In the case of antibodies, the standard purification methods most often include an affinity chromatography step (on protein A) followed by two chromatography steps by ion exchange or by hydrophobic interaction. All the methods implemented contribute to the elimination of cellular contaminants or those brought by the process.
In particular, contaminating proteins of the host cell, DNA, protein A or viruses potentially brought by the cell line must be eliminated or limited to concentrations below regulatory standards. In the case of viruses, elimination or inactivation by at least two orthogonal steps in the process is a regulatory requirement.
The purity objective is accompanied by an objective of optimal performance of the platform. Depending on the choices made by the developer and according to the intrinsic characteristics of the antibody, the purification yields generally encountered are from 60 to 70%. With the dramatic improvement in cellular productivities, purification has become the bottleneck in the production of antibodies.
The downstream stages represent 60 to 70% of the total cost of production of the antibodies. Efforts to simplify this platform and reduce costs have become major challenges.
The development of alternatives to protein A , the creation of new resins or new loaded filtration membranes will provide competitive solutions. Similarly, the emergence of single-use technologies in the downstream platform (filtration, preparation of buffers, connectors, etc.) makes it possible to reduce process times while ensuring the reliability of the quality of the active ingredient.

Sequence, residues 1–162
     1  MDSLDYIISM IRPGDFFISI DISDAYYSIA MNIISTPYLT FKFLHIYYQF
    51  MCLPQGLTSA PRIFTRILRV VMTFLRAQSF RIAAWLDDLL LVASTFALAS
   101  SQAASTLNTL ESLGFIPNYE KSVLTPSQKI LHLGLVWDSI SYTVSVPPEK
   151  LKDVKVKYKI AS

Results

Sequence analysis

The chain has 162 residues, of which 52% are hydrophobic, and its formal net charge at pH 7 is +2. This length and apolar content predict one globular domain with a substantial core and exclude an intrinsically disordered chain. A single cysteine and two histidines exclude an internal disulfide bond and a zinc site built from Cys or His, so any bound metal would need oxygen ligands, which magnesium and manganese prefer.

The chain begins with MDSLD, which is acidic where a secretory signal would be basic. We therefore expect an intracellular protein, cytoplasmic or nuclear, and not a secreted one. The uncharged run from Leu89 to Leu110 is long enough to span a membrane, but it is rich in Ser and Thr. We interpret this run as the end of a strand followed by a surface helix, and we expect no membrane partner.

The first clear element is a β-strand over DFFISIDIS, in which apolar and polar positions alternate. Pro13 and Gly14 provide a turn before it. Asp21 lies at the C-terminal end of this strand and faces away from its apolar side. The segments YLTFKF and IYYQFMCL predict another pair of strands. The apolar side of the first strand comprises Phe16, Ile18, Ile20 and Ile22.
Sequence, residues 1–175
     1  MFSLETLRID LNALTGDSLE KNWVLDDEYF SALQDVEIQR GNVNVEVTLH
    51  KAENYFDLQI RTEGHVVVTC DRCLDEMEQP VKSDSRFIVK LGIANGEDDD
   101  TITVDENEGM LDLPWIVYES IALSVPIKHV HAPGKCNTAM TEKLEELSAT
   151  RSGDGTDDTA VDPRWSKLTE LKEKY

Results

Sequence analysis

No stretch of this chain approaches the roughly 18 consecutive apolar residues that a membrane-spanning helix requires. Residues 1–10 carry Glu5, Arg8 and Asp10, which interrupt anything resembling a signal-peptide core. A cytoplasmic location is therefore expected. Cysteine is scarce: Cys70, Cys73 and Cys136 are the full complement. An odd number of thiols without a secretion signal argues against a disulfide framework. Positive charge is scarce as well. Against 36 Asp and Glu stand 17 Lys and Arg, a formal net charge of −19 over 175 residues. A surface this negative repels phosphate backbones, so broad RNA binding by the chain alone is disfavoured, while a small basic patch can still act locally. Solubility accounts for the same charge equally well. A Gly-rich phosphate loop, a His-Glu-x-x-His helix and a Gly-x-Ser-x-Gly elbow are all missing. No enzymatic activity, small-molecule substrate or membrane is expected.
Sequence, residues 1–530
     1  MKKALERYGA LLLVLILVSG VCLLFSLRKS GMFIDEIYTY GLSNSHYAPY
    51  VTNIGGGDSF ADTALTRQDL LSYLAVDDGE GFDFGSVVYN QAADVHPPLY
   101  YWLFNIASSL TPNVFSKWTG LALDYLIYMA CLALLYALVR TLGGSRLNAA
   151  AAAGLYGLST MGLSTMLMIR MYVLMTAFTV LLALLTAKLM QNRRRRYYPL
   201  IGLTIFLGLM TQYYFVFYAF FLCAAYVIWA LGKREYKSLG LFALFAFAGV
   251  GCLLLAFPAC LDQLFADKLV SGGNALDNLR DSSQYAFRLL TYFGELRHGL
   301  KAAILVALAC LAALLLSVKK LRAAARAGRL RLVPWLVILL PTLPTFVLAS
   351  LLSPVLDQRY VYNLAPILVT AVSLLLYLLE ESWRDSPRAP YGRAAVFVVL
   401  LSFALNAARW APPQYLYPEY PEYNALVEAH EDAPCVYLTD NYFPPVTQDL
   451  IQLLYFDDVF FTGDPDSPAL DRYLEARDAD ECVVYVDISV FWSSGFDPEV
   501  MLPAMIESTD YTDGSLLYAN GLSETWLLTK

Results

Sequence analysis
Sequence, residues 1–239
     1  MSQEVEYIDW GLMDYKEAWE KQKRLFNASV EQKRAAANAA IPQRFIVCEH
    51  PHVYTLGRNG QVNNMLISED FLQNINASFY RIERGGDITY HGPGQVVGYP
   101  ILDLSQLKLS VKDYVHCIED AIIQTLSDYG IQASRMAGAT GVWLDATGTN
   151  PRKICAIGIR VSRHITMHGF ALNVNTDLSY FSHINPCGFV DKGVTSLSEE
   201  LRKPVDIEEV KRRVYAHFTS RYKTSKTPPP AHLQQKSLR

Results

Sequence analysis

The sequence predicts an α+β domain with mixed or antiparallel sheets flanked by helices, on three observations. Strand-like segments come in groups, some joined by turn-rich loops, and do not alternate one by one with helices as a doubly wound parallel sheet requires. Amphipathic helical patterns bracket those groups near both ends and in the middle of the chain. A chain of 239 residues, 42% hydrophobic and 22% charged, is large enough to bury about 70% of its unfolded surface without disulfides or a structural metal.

The rapid availability of antibodies for clinical trials is absolutely essential in the development cycle and the prospect of commercial success. In parallel with the upstream and downstream platforms , analytical methods are implemented to characterize the antibody of interest. Given the increasing demand for purity and characterization, analytical techniques are now available that push the limits of quantification of the subtle variations observed in the structure of antibodies ever further.
As many of the articles in this issue attest, antibodies are major molecules therapeutically. Many pharmaceutical entities have entered this promising niche. Competition is therefore active, all the more so since the therapeutic targets targeted are much fewer than the hundreds of antibodies in development. On the other hand, the high costs of research, development and production of antibodies have made them expensive therapies.
Reduced reimbursement policies and the emergence of biosimilars pose a new challenge to the pharmaceutical industry. The financial risks and the excitement of competition stimulate minds in search of faster, more reliable and more economical technologies.
Cellular productivity has literally exploded in the past decade. This parameter partly responds to the economic aspects because it simply makes it possible to reduce the volumes of bioreactors required to obtain an equal quantity of antibodies. If the upstream advantage is obvious, everyone agrees today on the need to find new solutions to the downstream platform .
This is one of the immediate challenges that the biopharmaceutical industry will face. But right now, with the number of antibodies in development and the technological systems in place, this same industry offers optimistic prospects for bringing patients new therapeutic biomolecules.